As the Senate passes Juneteenth National Independence Day Act, corporations including Best Buy and National Grid join a growing list of businesses who’ve recognized the occasion in the wake of George Floyd’s death.
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This Saturday is Juneteenth, the annual holiday long recognized by Black communities nationwide every June 19. It was on that date in 1865 when a Union general arrived in Galveston, Texas and informed slaves there that the Civil War had concluded and they were free — more than two and a half years after President Abraham Lincoln officially decreed the freedom of all enslaved Americans via the Emancipation Proclamation.
But ever since social-justice protests proliferated in the wake of George Floyd’s murder last May, Americans of all backgrounds have been compelled to commemorate Juneteenth. That includes Congress. Just yesterday, the Senate unanimously passed the Juneteenth National Independence Day Act, which would acknowledge Juneteenth as a federal holiday and is expected to be passed in kind by the House of Representatives and signed into law by President Joe Biden.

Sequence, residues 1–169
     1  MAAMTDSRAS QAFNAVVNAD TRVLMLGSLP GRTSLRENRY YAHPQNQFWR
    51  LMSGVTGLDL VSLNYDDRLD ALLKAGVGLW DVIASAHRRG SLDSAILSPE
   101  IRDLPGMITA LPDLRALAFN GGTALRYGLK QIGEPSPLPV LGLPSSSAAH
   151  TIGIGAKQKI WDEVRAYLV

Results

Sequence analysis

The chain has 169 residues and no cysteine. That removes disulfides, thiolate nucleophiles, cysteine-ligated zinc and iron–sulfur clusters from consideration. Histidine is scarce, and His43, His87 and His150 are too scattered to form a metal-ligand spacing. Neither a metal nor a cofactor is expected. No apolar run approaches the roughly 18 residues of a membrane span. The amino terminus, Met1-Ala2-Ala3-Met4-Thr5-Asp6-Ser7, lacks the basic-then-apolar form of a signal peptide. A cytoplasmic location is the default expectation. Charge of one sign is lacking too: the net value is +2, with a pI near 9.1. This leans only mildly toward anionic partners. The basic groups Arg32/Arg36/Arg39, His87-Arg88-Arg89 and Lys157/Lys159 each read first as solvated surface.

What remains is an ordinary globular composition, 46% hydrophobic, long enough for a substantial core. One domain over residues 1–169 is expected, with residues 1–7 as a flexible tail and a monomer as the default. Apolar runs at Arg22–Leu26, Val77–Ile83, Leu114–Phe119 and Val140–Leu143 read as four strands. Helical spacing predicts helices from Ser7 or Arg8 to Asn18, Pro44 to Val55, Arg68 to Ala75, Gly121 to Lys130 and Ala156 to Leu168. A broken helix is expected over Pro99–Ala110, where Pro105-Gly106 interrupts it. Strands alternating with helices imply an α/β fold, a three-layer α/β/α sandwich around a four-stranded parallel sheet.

Parallel recognition continues in corporate America as well. Earlier this week, Best Buy announced it will be observing Juneteenth as a paid company holiday beginning this year. (With the caveat that while corporate offices will close, in-store workers will be paid time and a half for their shifts that day, similar to the precedent already set by other larger retailers like Target.)
Utility giant National Grid also released a statement earlier this month declaring Juneteenth as a company holiday for all its U.S. employees. Even the insurance industry is meeting the moment, with Blue Cross Blue Shield of Tennessee and Blue Cross Blue Shield of Massachusetts, among others, penning op-eds and issuing press releases and affirming that they will close their offices to celebrate Juneteenth beginning this year.
Those are just a handful of the high-profile companies joining a coalition that swelled to dozens of notable brands in June 2000, including Nike, Adobe and Spotify, and is sure to grow from here.
Please revisit Entrepreneur.com tomorrow for an in-depth conversation with newly appointed Paradigm for Parity CEO Sandra Quince about Juneteenth and the path to corporate equity.